Posted by: rcottrill | April 2, 2018

Come, Let Us Join Our Cheerful Songs

Graphic Bob New Glasses 2015HOW TO USE THIS BLOG
1) The Almanac. Click on the month you want in the side-bar, then the specific date. The blog will tell you what happened in hymn history on that day.
2) Reflections. There is always a current article on a hymn. But you can find many others by clicking on the Index tab. (More being added all the time.)
3) Topical Articles are opinion pieces on many aspects sacred music.
4) To Donate. If you can help with the cost of developing and maintaining this site, click on the “Support” tab above and the page will show you how.

Also see 30+ Ideas for Promoting Hymn Singing in your church. As others have contributed ideas, this wonderful resource has grown to over 80 items now. And, for more than three dozen reasons why congregations should still use hymn books rather than merely projecting words on the wall, see The Value of Hymn Books.

Words: Isaac Watts (b. July 17, 1674; d. Nov. 25, 1748)
Music: Gräfenberg, by Johann Crüger (b. Apr. 9, 1598; d. Feb. 23, 1662)

Wordwise Hymns (Isaac Watts)
The Cyber Hymnal

Note: Isaac Watts has been justly called the Father of English Hymnody. In a day when the church he attended sang only the Psalms, he argued that they were missing a great deal of important New Testament truth. When the church agreed to try some new songs, he proceeded to write them, around six hundred of them, before he was done. Some we still sing, centuries later.

There are things we choose to do for fun, and others we do because they’re necessary. We may listen to music because we enjoy it. But when it comes to eating our food, we need to do that to live. Whether it’s enjoyable or not is another matter.

There are certainly exceptions, but to some extent we have a responsibility for our attitudes–enjoyment, or otherwise. We can respond to the challenges of life with misery or mirth, grumbling or gratitude. Many times when something is painful or difficult, we may be able to look beyond it and find pleasure in the end result. Surgery provides an example. Not pleasant in itself, but with the potential of benefits up ahead.

The early Christians looked at persecution in a positive way. When they were arrested and beaten for preaching the gospel (Acts 5:40), “they departed from the presence of the council, rejoicing that they were counted worthy to suffer shame for His [Jesus’] name” (vs. 41). And when the Apostle Paul was put in prison, he saw a opportunity to tell his guards about Christ, and realized his courage in prison  spurred other believers to new boldness in their witness (Phil. 1:12-14).

The Lord Jesus Himself provides a profound example. He was arrested, and falsely charged, beaten, and finally crucified–a horrific form of punishment. But the Bible says, He “for the joy that was set before Him endured the cross, despising [scorning] the shame, and has sat down at the right hand of the throne of God” (Heb. 12:2). He had joy in paying our debt of sin, and “in bringing many sons to glory” (Heb. 2:10).

The Bible speaks of cheerfulness, and it’s an interesting word. Centuries ago, it came from a word for the human face. Then it grew to mean the emotions and inner attitudes that often show themselves in our faces. “A merry heart makes a cheerful countenance” (Prov. 15:13).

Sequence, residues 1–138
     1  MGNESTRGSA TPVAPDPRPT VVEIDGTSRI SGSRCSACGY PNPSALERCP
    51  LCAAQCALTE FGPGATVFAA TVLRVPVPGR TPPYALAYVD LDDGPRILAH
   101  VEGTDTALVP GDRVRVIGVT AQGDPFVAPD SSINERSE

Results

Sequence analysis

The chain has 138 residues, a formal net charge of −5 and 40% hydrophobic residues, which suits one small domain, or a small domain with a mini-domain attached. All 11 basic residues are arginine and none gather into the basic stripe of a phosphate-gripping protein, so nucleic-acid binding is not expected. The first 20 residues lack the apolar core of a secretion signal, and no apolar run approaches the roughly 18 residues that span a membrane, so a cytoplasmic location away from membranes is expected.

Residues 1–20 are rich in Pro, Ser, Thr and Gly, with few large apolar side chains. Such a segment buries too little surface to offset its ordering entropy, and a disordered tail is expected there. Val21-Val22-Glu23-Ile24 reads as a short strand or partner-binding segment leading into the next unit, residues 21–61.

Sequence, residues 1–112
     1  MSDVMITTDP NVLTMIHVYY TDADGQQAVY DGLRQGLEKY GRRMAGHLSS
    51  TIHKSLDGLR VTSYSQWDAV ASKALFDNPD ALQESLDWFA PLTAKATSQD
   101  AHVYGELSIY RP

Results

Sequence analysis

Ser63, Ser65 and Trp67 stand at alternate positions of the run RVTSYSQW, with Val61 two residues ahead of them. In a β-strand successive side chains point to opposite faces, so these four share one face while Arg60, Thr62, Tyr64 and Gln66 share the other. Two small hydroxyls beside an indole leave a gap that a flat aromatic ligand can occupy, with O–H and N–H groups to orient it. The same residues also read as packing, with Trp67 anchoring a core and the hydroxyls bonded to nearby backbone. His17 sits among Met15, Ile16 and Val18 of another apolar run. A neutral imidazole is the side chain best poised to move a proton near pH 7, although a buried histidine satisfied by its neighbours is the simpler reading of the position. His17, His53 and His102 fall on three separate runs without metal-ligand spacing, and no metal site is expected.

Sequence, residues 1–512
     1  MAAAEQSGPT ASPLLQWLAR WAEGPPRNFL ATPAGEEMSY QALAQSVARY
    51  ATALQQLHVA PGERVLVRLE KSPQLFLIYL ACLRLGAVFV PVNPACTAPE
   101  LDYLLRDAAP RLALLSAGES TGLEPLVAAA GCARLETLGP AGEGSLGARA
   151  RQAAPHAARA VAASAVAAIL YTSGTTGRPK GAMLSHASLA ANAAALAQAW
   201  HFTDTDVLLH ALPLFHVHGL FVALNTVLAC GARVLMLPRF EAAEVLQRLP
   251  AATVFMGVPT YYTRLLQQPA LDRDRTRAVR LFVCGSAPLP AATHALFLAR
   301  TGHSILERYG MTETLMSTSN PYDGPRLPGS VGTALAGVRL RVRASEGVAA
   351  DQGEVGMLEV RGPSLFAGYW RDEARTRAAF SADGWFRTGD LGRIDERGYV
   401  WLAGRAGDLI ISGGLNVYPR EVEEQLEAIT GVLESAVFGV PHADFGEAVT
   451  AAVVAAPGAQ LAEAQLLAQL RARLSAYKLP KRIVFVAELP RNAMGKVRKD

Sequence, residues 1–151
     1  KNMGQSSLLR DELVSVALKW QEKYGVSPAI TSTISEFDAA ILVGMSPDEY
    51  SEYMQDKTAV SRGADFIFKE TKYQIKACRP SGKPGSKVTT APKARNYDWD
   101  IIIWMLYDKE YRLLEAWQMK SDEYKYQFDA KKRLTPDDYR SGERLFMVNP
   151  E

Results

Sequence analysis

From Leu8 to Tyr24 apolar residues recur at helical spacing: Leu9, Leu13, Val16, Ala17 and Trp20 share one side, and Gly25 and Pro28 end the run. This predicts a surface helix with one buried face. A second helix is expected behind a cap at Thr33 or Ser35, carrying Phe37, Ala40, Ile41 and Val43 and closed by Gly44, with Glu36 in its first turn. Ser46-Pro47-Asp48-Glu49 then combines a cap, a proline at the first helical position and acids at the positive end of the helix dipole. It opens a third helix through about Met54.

We commonly think of a cheerful person as one who is happy or joyful. But there’s another element to it. The word can also carry the sense of ungrudging, enthusiastic, and prompt. For instance, when the Bible says, “God loves a cheerful giver” (II Cor. 9:7), it means we support the Lord’s work with our gifts, not only joyfully, but promptly, and without grudging.

This is surely to be our attitude when we sing songs of praise to God. It’s a cheerful task we ought to do joyfully, and promptly, without grudging.

David wrote, “The Lord is my strength and my shield; my heart trusted in Him, and I am helped; therefore my heart greatly rejoices, and with my song I will praise Him” (Ps. 28:7).

And Puritan Thomas Watson (1620-1686) said, “Cheerfulness…puts the heart in tune to praise God, and so honours religion by proclaiming to the world that we serve a good Master.”

Pastor and hymn writer Isaac Watts would certainly agree. His song, Come, Let Us Join Our Cheerful Songs, published in 1707, captures something of the atmosphere of joyful praise that surrounds the throne of God, as described in Revelation.

“You [Christ] were slain, and have redeemed us to God by Your blood out of every tribe and tongue and people and nation….Worthy is the Lamb who was slain to receive power and riches and wisdom, and strength and honour and glory and blessing!” (Rev. 5:9, 12).

Watts’ hymn says:

CH-1) Come, let us join our cheerful songs
With angels round the throne.
Ten thousand thousand are their tongues,
But all their joys are one.

CH-2) “Worthy the Lamb that died,” they cry,
“To be exalted thus!”
“Worthy the Lamb,” our hearts reply,
“For He was slain for us!”

CH-3) Jesus is worthy to receive
Honour and power divine;
And blessings more than we can give,
Be, Lord, forever Thine.

CH-5) The whole creation join in one,
To bless the sacred name
Of Him who sits upon the throne,
And to adore the Lamb.

1) Can you list three wonderfully “cheerful” (joyful) hymns?

2) Can a believer be cheerful, yet sensitive to, and in tune with, those going through trials? (How can these be expressed together?)

Wordwise Hymns (Isaac Watts)
The Cyber Hymnal


%d bloggers like this: